Notice, however, that although the price of education has increased, education is not less affordable. Indeed, at point (b) we are consuming more of both goods–broadly speaking this is exactly what has happened–namely, the price of education has increased and we now consume more of it than ever before.
When we recognize that all prices are relative prices the following simple yet deep facts follow:
- If productivity increases in some industries more than others then, ceteris paribus, some prices must increase.
- Over time, all real prices cannot fall.
In Figure 22 the economy moves from point (a) to point (b). If we graph the same transition over time it will look something like Figure 23.
Looking at such graphs, our attention naturally is drawn to the rising cost of education. Why are costs rising so quickly? Entranced by such graphs, we may enter into a detailed analysis of the special factors of education—regulation, unionization, government purchases, insurance, international trade, and so forth—to try to explain the dramatic increase in costs. Yet the rising costs in the education sector are simply a reflection of increased productivity in the car sector. Thus, another deep lesson of the Baumol effect is that to understand why costs in the stagnant sector are rising, we must look away from the stagnating sector and toward the progressive sector.
Finally, there is one other addition to the Baumol effect which is not often recognized but worth drawing attention to. In Figure 22, I assumed that preferences were such that people wanted to consume the same ratio of goods over time so we moved from point (a) to point (b). But suppose that as we get wealthier we get tired of more cars and would like relatively more education so we move towards point (d). As we move from point (b) to point (d) we are taking resources away from car production, resources which were probably well-suited to making cars, and instead moving them towards education where they are probably less well suited. As a result as we move from point (b) to point (d) we are driving up the price of education as we try to turn auto workers into teachers. In this case, the Baumol effect gets magnified. We could alternatively move from point (b) to point (c) which would turn teachers into less productive auto workers thus driving down the price of education (i.e. increasing the price of cars). Thus, depending on preferences, the Baumol effect can be magnified or ameliorated.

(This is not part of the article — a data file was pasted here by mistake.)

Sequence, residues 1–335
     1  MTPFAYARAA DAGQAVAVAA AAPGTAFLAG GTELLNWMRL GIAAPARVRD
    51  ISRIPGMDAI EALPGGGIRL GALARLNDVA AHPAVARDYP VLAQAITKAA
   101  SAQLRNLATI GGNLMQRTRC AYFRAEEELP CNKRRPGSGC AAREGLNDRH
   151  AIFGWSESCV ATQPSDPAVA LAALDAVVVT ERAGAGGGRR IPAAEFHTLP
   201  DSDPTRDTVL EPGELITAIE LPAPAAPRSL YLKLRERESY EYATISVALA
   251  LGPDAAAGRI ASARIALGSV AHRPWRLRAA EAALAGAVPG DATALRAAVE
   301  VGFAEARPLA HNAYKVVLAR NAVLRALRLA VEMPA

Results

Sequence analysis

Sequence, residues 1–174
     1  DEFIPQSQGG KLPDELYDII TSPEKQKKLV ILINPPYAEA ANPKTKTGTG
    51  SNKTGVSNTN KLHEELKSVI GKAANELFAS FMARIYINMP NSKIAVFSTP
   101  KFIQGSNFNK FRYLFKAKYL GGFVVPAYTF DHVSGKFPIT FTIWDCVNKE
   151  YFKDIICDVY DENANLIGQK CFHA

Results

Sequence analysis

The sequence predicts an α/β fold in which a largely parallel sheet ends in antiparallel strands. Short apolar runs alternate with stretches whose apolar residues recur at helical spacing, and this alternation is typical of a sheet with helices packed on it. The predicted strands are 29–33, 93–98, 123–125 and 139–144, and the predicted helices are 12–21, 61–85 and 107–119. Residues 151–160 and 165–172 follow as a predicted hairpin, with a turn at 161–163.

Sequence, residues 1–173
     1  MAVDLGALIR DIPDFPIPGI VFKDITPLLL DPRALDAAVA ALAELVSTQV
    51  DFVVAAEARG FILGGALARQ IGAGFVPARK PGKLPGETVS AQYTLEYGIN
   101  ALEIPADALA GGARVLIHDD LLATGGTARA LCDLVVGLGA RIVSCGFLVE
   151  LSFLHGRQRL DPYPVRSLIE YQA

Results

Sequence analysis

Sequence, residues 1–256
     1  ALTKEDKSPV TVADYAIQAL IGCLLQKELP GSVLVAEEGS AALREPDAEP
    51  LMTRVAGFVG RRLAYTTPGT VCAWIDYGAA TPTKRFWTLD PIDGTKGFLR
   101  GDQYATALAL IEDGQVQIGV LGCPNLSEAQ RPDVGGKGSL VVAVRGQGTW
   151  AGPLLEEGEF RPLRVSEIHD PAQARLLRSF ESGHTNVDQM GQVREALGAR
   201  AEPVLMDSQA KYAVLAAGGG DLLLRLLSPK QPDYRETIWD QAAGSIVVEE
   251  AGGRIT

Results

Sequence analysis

As a society it appears that with greater wealth we have wanted to consume more of the goods like education and health care that have relatively slow productivity growth. Thus, preferences have magnified the Baumol effect.
Next week, I will wrap up the discussion by explaining some features of the data that the Baumol effect fits much better than do other theories.
Addendum: Other posts in this series.
In this paper, I estimate the causal effect of increased exposure to online social networks during college on future labor market outcomes.
Using quasi-random variation from Facebook’s entry to college campuses during its infancy, I exploit a natural experiment to determine the relationship between online social network access and future earnings.
I find a positive effect on wages from Facebook access during college. This positive effect is largest in magnitude for female students, and students from lower-middle class families.
I provide evidence that this positive effect from Facebook access comes through the channel of increased social ties to former classmates, which in turn leads to strengthened employment networks between college alumni.